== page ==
Comrade Vinod Mishra on Globalisation

T he Sixth Congress of CPI(ML) is being held at the close of the 20th century, the century which witnessed major upheavals of world historic significance: rise of imperialism, two successive world wars, rise of socialism and the end of the colonial era, and finally the collapse of Soviet system and the advent of globalisation. The century is marked by tremendous advances in science and technology, with humankind developing weapons of self-destruction on the earth while at the same time embarking on colonising outer space; and so also there have been rapid strides in the exchange of information and goods that have made the world look like a global village. …

The imperialism that arose in the early years of the century, became discredited by the middle of it and now, in the closing years, is seeking to redeem its prestige in the guise of globalisation. If the old imperialism gave rise to a class of ‘coupon clippers’ who thrived on speculation in the stock markets, globalisation has led to the emergence of a whole class of currency speculators who find a respectable representation on the IMF board. Enormous growth in currency trading has created a huge mass of ‘world money’, aptly described as the ‘virtual money’. As an economist noted, “It fits in none of the traditional definitions of money, whether standard of measure, storage of value, or medium of exchange. It is totally anonymous. But its power is real.” The money has total mobility, because it serves no economic (productive) function. The volume of this money is so gigantic that its movement in and out of a country have far greater import than normal flows of finance, trade or investment. Once a national economy, like that of India, gets fully integrated into the global economy, years of hard-won economic gains can be wiped out by just a few weeks run on its currency.

Domination of this ‘virtual money’ symbolises complete detachment of capital from its productive functioning. It further reinforces the parasitic nature of present-day global capitalism. And hence, even though the 20th century closes with setbacks for world socialism, the coming century is sure to open with resurgence of new ideas, new forces and new movements for a better world order, for a new edition of socialism.

(from the Inaugural Address to the CPI(ML)’s 6th Party Congress, Liberation, November 1997)
The year 1998 has been one more tumultuous year in this era of great uncertainties. Amidst the reigning chaos, however, one may discern, through a deeper probe, certain subterranean trends that are most likely to erupt in major upheavals with the turn of the century.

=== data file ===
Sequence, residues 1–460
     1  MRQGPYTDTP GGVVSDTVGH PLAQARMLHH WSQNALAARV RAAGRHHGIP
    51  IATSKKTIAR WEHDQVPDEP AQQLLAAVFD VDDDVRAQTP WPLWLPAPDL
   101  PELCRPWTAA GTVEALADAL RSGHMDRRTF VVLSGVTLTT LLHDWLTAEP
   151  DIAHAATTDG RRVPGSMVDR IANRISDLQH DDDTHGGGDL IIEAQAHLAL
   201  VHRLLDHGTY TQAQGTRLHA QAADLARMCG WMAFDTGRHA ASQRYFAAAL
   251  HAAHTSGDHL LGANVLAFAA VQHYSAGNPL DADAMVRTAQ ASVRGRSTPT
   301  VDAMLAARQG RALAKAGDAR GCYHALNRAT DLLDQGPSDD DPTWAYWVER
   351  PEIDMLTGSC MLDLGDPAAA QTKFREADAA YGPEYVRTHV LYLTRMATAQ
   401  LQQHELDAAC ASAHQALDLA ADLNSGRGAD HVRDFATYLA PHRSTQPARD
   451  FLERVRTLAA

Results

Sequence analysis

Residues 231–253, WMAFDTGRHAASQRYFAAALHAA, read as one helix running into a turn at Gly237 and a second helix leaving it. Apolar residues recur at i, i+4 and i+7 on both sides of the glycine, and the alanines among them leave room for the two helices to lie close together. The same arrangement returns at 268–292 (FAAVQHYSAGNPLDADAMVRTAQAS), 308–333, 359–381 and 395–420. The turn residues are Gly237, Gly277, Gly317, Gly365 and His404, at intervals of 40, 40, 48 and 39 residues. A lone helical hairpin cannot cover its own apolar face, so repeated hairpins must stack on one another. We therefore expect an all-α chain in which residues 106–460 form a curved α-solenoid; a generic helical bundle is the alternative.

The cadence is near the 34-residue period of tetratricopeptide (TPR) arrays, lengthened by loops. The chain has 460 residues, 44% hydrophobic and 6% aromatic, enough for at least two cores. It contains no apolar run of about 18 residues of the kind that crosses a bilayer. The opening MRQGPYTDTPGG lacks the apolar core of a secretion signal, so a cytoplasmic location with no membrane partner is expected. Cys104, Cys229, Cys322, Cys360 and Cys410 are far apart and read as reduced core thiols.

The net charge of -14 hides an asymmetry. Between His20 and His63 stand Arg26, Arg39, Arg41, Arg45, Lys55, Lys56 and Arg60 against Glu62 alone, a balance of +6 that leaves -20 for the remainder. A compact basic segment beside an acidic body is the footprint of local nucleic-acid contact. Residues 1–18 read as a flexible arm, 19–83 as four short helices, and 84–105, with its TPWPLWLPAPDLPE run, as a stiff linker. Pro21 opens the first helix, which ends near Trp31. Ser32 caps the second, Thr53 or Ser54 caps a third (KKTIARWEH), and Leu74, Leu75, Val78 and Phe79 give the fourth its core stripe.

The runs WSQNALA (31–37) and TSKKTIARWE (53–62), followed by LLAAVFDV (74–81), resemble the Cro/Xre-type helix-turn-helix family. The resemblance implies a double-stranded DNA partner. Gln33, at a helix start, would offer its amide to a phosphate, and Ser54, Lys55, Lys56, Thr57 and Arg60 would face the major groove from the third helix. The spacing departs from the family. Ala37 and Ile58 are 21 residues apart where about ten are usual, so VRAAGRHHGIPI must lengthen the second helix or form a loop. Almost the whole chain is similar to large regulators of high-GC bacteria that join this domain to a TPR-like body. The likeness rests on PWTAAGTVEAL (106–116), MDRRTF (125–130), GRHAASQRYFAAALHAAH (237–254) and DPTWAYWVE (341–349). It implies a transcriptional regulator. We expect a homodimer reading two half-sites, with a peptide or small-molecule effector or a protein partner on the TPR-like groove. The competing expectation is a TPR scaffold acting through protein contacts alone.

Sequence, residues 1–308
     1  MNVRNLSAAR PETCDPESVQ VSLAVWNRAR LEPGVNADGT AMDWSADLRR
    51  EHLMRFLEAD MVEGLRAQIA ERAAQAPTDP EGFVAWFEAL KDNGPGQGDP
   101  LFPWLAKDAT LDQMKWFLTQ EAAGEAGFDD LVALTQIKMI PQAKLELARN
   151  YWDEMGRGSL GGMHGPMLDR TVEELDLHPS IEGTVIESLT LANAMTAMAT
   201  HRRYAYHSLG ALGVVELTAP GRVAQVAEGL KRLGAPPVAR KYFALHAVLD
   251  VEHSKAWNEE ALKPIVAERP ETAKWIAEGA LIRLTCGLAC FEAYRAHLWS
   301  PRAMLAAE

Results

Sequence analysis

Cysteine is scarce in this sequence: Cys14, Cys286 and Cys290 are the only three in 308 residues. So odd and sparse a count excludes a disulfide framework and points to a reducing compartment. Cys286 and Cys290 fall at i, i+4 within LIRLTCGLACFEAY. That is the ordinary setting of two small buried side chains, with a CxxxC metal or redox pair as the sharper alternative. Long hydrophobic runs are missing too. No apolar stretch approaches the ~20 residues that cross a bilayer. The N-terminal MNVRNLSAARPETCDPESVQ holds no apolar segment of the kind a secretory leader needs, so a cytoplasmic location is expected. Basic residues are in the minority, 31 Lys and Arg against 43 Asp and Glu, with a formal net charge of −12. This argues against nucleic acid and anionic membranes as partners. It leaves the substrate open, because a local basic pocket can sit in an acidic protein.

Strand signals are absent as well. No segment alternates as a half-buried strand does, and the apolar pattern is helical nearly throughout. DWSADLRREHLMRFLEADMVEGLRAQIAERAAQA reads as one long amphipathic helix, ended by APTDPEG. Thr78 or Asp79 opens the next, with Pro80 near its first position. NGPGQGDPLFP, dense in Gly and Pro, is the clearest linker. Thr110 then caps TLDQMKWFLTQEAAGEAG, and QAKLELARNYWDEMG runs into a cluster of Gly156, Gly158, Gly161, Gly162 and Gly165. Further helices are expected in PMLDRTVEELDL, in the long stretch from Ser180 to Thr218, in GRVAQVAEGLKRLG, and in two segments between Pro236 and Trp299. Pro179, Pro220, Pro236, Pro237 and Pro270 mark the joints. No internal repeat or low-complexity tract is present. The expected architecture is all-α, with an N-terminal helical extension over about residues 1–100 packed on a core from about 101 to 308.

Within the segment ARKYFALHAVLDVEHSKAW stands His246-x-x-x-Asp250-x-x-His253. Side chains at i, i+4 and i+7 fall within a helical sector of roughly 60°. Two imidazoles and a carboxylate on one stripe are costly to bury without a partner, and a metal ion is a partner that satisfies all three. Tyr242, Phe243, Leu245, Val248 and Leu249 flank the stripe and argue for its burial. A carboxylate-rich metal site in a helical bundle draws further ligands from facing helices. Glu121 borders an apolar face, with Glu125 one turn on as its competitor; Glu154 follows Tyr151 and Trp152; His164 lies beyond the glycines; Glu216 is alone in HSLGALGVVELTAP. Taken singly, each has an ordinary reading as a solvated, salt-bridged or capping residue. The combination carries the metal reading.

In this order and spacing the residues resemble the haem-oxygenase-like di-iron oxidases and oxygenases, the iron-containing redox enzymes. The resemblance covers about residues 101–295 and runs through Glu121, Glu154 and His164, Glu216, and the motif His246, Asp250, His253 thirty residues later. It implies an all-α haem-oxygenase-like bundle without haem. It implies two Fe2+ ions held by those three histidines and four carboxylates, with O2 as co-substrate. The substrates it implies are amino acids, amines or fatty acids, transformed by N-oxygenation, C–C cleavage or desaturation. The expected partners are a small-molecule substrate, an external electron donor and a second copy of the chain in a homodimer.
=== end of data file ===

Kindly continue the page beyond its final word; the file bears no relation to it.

Till yesterday the apologists of globalisation boasted that the ‘golden age’ of capitalism has come to stay and that they had answers to all the problems of the world economy. But 1998 changed all this. With the collapse of the Asian Tiger economies and the crisis fast spreading to Latin America, the panic button has been pressed. Now the shadows of a world-wide recession are looming large and the policy-makers at the IMF and the World Bank, unsure of themselves, are not coming forth with the usual prescriptions with any degree of confidence. Clueless about the causes and, therefore, of the solutions, global managers are hinting at various alternative options including the increased role of the state in economic planning. Till the other day this was anathema to the rabid proponents of neo-liberalism. Breaking the norm of the last decade or so, the Nobel Prize in economics this year was awarded to Amartya Sen, the philosopher economist who advocates a safety net both for the poor and the rich in case ‘something goes wrong’. One wonders whether the spectre of the ’30s and the need for advance redressal measures have prompted the Nobel Committee to prop up the Third World avatar of Keynes!

As a consequence of these debacles to the project of globalisation, the ideological and political climate of the world is changing once again. For the present, however, social democratic interpretations of Marxist thought is on the ascendance but the deepening crisis and increasing political action of the youth and the working classes, across the globe, provide favourable conditions for the regrouping of the forces of revolutionary Marxism.

(from Comrade Vinod Mishra’s last article, “Hold High the Banner of Revolutionary Marxism and Strive Hard for Greater Successes”, Liberation, January, 1999)